This week's review is Hurricane Crimes by Chrys Fey.
Blurb: After her car breaks down, Beth Kennedy is forced to stay in Florida,
the target of Hurricane Sabrina. She stocks up supplies, boards up
windows, and hunkers down to wait out the storm, but her plan unravels
when she witnesses a car accident. Risking her life, she braves the
winds to save the driver. Just when she believes they are safe, she
finds out the man she saved could possibly be more dangerous than the
Donovan Goldwyn only wanted to hide from the police, but the
hurricane shoved his car into a tree. Now he's trapped with a beautiful
woman while the evidence that can prove his innocence to a brutal crime
is out there for anyone to find.
As Hurricane Sabrina wreaks havoc, Beth has no other choice but to
trust Donovan to stay alive. But will she survive, or will she become
another hurricane crime?
Review: Before I
start the review, I want to point out this is a novella, approximately
50 pages long. I point this out because some readers buy a work and don't
realize that it's of short length and then give a terrible review
because they didn't realize it was not a full-length novel.
author did an amazing job of depicting a hurricane. Having never lived
through one (thankfully), I would have had no real reference to draw
from if the author had glossed over the fury and strength of a
hurricane. That wasn't necessary, because the scenes were written so
well, I felt the power of the wind, heard it battering the house, saw
the aftermath as though I was there.
liked Beth Kennedy immensely. She was strong and feisty and did what
needed to be done, no matter how scared she was. I admired her most for
her bravery. I don't know if I would
have gone out during a raging hurricane to help an accident victim. I
hope I would but until one is in the situation, it's hard to say how
I liked Donovan Goldwyn as
well. He's a little harder to get a feel for as the story is
predominately written in Beth's point of view. This isn't a negative,
just that we didn't get to know his thoughts and feelings like we did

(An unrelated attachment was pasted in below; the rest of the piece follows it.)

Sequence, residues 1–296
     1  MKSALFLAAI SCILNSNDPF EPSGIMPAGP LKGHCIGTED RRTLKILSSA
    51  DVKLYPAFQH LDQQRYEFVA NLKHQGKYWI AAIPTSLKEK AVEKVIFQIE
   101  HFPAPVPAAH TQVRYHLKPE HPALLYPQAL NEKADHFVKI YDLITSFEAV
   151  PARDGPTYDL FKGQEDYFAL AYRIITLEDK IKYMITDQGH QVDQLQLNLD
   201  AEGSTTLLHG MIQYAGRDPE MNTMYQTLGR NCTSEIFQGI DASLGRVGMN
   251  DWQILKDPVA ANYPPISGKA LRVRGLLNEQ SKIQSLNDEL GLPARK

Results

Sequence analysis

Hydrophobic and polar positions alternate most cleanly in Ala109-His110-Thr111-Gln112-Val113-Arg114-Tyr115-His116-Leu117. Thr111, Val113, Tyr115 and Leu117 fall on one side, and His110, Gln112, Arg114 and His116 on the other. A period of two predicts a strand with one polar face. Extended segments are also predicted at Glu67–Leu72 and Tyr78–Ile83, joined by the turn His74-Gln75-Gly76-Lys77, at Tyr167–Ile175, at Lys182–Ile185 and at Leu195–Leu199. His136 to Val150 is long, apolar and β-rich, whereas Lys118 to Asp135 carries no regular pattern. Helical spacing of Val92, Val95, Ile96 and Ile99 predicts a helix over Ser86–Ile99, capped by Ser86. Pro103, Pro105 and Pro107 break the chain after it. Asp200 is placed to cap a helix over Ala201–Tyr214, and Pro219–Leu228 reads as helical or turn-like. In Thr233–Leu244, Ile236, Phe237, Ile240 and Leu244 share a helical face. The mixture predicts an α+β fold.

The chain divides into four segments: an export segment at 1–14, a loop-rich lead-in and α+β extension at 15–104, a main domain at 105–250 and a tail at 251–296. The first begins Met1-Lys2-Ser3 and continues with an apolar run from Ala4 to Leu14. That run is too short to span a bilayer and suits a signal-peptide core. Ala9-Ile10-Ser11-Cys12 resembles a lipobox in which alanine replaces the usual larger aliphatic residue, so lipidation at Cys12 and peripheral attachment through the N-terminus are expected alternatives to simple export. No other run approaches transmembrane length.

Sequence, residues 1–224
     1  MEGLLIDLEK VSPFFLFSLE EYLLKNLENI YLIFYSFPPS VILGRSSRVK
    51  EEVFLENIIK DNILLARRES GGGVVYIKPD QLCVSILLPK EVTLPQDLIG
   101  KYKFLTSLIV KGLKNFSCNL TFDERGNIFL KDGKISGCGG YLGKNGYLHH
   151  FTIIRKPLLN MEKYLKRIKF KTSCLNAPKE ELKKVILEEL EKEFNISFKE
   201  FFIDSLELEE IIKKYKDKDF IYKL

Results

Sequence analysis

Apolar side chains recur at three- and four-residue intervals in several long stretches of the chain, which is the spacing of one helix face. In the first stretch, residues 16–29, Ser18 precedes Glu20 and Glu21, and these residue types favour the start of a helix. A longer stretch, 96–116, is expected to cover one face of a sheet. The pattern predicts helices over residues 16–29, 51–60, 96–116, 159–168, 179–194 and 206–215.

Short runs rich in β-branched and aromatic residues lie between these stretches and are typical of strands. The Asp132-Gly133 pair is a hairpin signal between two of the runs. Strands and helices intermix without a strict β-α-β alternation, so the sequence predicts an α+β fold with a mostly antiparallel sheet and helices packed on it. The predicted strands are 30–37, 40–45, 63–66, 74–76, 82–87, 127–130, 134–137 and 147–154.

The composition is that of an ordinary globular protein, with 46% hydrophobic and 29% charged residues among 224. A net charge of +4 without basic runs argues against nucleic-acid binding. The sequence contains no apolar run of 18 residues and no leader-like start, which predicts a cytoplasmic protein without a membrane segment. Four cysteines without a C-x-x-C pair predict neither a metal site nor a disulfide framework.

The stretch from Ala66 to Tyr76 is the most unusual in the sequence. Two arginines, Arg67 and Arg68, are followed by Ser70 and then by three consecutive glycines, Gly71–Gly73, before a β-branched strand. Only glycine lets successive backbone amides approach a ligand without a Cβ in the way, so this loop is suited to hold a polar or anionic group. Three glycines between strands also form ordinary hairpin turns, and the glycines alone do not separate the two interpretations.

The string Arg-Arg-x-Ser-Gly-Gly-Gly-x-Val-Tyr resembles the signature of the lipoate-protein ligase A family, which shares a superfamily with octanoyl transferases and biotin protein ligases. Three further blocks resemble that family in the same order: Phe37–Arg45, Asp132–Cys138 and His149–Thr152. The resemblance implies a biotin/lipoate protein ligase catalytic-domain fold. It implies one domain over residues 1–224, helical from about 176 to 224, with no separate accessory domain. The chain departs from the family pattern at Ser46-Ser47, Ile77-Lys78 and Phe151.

The author does a wonderful job
handling who and what Donovan might be as well as making the
explanation believable. Sorry if this seems convoluted, but I don't want
to give away any spoilers. She handles the chemistry between Beth and
Donovan with a deft hand within the length of the story.
were a couple of things that kept me from giving this 5 stars. There
were a couple of occasions of strange phrasing such as referring to
tears as salt drops. Also, I'm a stickler
for point of view and there were a few places where there were issues
with it. Most non-writers probably wouldn't notice these, but they stuck
out for me.
That being said, I wish
Hurricane Crimes was longer because I enjoyed Beth and Donovan's story
and wanted to spend a bit more time with them.
Please welcome my guest, Romance Author Rachel Brimble.
Rachel lives with her husband and two young daughters in a small town
near Bath in the UK.After having
several novels published by small US presses, she secured agent representation
in 2011. In 2012, she sold two books to Harlequin Superromance and a further
three in 2013. She also writes Victorian romance for Kensington--her debut was
released in April 2013 and she has since signed for three more.
Rachel is a member of the Romantic Novelists Association and Romance
Writers of America. When she isn’t writing, you’ll find Rachel with her head in
a book or walking the beautiful English countryside with her family and beloved
black Lab, Max. Her dream place to live is Bourton-on-the-Water in South West
Tell us something about yourself both writing and not
Writing related - I often wonder how I manage to keep
getting published when the biggest writing challenge for me is plotting. How do
I keep writing books when I can’t plot??
Not writing related – my favorite waste of time is sitting
in front of the TV watching endless US crime dramas and knitting my
latest project…badly ;)
That's funny I can't plot either. Do you have a writing routine?Where do you usually do your writing?
Even though I’m a stay at home mum, I treat my writing as a
job and work the entire time the kids are at school – once they’re home, I pop
back and forth to the laptop until about 7pm and then it’s family time. I
usually write sitting on the sofa with my huge black Lab fast asleep beside me.
Why do you write in the genre/sub-genre that you do?Any plans in the future to write in a